In a single week this month, a new Proposition 65 plaintiff, Michael Murphy, has issued almost 700 Proposition 65 Notices of Violation to medical cannabis dispensaries located throughout California. Mr. Murphy, who in some of these notices is identified as a manager of Clean Cannabis Initiative, LLC, alleges that certain medical cannabis edibles and smokable products contain the pesticides myclobutanil, carbaryl and malathion. Myclobutanil is a Proposition 65-listed reproductive toxicant, added to the list in 1999. Carbaryl was added to the Proposition 65 list as a carcinogen in 2010. In an interesting twist, malathion was added to the Proposition 65 list as a carcinogen on May 20, 2016; the warning requirement becomes effective May 20, 2017, after the date of the notices. These notices follow another round of recent notices from another plaintiff, the Center for Advanced Public Awareness (CAPA), issued to medical cannabis dispensaries. The CAPA notices allege exposures …Read More
LifeScienceRisk (LSR) has announced that it now offers Proposition 65 insurance coverage for the herbal product and dietary supplement industry. Developed in collaboration with the American Herbal Products Association (AHPA), LSR is the first insurance company to offer Proposition 65 specific insurance for this industry, which can be bundled on top of another more comprehensive insurance policy. The coverage is offered with a choice of limits and deductibles to fit a range of budgets. Insurance coverage for Proposition 65 claims has always been problematic. At least one court has concluded that there is no coverage under commercial general liability policies because Proposition 65 claims do not allege physical bodily injury. (See Ulta Salon v Travelers Property Cas Co of America, 197 Cal.App.4th 424 (2011).) In 2015, Wells Fargo Insurance began to offer policies covering Proposition 65-listed plasticizers. LSR’s Proposition 65 insurance is unique in its coverage of Proposition 65 claims involving …Read More
On May 10, 2017, the California Office of Environmental Health Hazard Assessment announced that it has extended the public comment period for the proposed Proposition 65 No Significant Risk Level for glyphosate. The public comment period now closes on June 21, 2017. A public hearing on the proposed NSRL is scheduled for June 7, 2017. This is attorney advertising. Please see disclaimer.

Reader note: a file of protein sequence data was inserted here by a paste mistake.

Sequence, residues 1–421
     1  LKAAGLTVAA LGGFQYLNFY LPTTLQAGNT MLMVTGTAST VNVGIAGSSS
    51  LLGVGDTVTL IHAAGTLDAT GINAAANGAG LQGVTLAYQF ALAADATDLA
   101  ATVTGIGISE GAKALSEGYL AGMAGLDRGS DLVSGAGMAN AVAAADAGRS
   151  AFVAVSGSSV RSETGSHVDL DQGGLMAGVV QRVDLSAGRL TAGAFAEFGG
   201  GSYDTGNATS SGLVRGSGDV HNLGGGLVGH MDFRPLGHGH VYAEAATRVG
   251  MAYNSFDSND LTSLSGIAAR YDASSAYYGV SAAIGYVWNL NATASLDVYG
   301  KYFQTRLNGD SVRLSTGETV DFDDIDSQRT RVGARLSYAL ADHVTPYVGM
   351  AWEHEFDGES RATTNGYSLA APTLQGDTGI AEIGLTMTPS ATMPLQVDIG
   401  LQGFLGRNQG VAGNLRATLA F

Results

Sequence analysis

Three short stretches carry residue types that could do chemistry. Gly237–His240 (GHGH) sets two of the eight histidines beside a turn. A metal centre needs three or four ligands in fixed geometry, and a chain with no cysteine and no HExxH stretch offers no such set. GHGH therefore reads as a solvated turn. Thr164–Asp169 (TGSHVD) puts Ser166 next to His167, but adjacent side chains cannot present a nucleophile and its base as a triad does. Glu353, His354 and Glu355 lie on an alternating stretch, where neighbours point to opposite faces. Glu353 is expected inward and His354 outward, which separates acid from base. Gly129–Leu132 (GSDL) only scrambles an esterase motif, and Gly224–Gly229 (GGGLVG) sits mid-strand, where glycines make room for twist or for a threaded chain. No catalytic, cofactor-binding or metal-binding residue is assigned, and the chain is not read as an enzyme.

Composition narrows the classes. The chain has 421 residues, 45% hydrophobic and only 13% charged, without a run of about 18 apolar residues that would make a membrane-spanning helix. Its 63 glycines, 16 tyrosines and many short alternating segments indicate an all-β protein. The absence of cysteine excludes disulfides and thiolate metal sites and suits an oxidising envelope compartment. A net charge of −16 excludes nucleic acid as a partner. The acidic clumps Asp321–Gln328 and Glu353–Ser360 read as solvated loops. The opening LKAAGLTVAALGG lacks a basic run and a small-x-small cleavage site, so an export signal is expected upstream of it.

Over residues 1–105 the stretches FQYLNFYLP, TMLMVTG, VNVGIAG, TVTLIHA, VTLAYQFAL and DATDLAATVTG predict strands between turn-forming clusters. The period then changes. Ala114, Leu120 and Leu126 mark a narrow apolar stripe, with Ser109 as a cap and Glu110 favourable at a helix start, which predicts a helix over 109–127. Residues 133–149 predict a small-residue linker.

The California Department of Toxic Substances (DTSC) has extended the comment period on the proposal to list polyurethane foam systems containing unreacted methylene diphenyl diisocyanates (MDIs) as a Priority Product from May 16, 2017 to June 6, 2017. DTSC designates Candidate Chemicals and Priority Products in accordance with the Safer Consumer Products Regulations. If polyurethane foam systems with unreacted MDIs become a Priority Product, responsible entities will be required to evaluate whether the Candidate Chemical (unreacted MDIs) is necessary to the product and whether there is a safer alternative. More details concerning the proposed regulation can be found here. A public hearing on the proposed priority product will be held on May 16, 2017 from 1:30 pm to 3:30 pm. The comment submission form can be found here. This blog article was researched and written by Brown University Class of 2018 student Aisha Keown-Lang. Ms. Keown-Lang is studying biology and political science …Read More
On March 28th, 2017, the Office of Environmental Health Hazard Assessment (OEHHA) decided that glyphosate will be listed under California’s Proposition 65 as a carcinogen. The effective date of the listing will depend on the outcome of an appellate decision as described further below. OEHHA has also proposed adopting a Proposition 65 No Significant Risk Level (NSRL) of 1100 micrograms per day for glyphosate. Comments regarding the proposed NSRL must be received by OEHHA on May 22, 2017 by 5:00 pm. All comments received will be posted on the OEHHA website after this public commenting period closes. Under Proposition 65, businesses are prohibited from knowingly and intentionally exposing individuals to listed chemicals without a clear and reasonable warning, unless an exemption applies. The law also prohibits the knowing discharge of listed substances into sources of drinking water. Businesses are exempted from the warning requirement if the alleged exposures are occurring at …Read More